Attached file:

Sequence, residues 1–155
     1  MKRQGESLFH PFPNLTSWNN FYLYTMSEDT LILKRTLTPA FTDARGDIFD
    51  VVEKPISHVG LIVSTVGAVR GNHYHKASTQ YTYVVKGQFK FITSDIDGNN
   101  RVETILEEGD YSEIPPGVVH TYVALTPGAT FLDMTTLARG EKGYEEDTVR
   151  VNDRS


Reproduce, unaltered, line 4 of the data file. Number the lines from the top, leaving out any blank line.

   101  RVETILEEGD YSEIPPGVVH TYVALTPGAT FLDMTTLARG EKGYEEDTVR